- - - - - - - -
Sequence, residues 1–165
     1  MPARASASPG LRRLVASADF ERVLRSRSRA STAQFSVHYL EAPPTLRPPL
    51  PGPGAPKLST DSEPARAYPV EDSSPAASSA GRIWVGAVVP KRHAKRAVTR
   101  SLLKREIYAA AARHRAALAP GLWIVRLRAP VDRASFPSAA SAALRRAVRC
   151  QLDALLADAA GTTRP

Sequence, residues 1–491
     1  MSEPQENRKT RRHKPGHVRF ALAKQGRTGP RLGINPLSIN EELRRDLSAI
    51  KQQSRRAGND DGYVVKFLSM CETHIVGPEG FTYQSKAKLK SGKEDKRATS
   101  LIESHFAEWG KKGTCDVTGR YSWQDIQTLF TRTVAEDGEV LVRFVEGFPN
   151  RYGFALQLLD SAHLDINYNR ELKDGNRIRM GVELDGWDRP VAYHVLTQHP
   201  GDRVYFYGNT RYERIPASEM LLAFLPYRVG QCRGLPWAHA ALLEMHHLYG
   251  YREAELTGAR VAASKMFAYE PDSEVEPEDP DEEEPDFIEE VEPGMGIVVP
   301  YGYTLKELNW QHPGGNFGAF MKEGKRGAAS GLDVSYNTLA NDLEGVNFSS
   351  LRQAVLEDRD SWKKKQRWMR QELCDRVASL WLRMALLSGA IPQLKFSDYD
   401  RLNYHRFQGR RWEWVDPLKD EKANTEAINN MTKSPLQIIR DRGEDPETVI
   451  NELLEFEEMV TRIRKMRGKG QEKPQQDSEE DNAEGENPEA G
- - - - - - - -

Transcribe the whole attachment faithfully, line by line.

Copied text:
Sequence, residues 1–165
     1  MPARASASPG LRRLVASADF ERVLRSRSRA STAQFSVHYL EAPPTLRPPL
    51  PGPGAPKLST DSEPARAYPV EDSSPAASSA GRIWVGAVVP KRHAKRAVTR
   101  SLLKREIYAA AARHRAALAP GLWIVRLRAP VDRASFPSAA SAALRRAVRC
   151  QLDALLADAA GTTRP

Sequence, residues 1–491
     1  MSEPQENRKT RRHKPGHVRF ALAKQGRTGP RLGINPLSIN EELRRDLSAI
    51  KQQSRRAGND DGYVVKFLSM CETHIVGPEG FTYQSKAKLK SGKEDKRATS
   101  LIESHFAEWG KKGTCDVTGR YSWQDIQTLF TRTVAEDGEV LVRFVEGFPN
   151  RYGFALQLLD SAHLDINYNR ELKDGNRIRM GVELDGWDRP VAYHVLTQHP
   201  GDRVYFYGNT RYERIPASEM LLAFLPYRVG QCRGLPWAHA ALLEMHHLYG
   251  YREAELTGAR VAASKMFAYE PDSEVEPEDP DEEEPDFIEE VEPGMGIVVP
   301  YGYTLKELNW QHPGGNFGAF MKEGKRGAAS GLDVSYNTLA NDLEGVNFSS
   351  LRQAVLEDRD SWKKKQRWMR QELCDRVASL WLRMALLSGA IPQLKFSDYD
   401  RLNYHRFQGR RWEWVDPLKD EKANTEAINN MTKSPLQIIR DRGEDPETVI
   451  NELLEFEEMV TRIRKMRGKG QEKPQQDSEE DNAEGENPEA G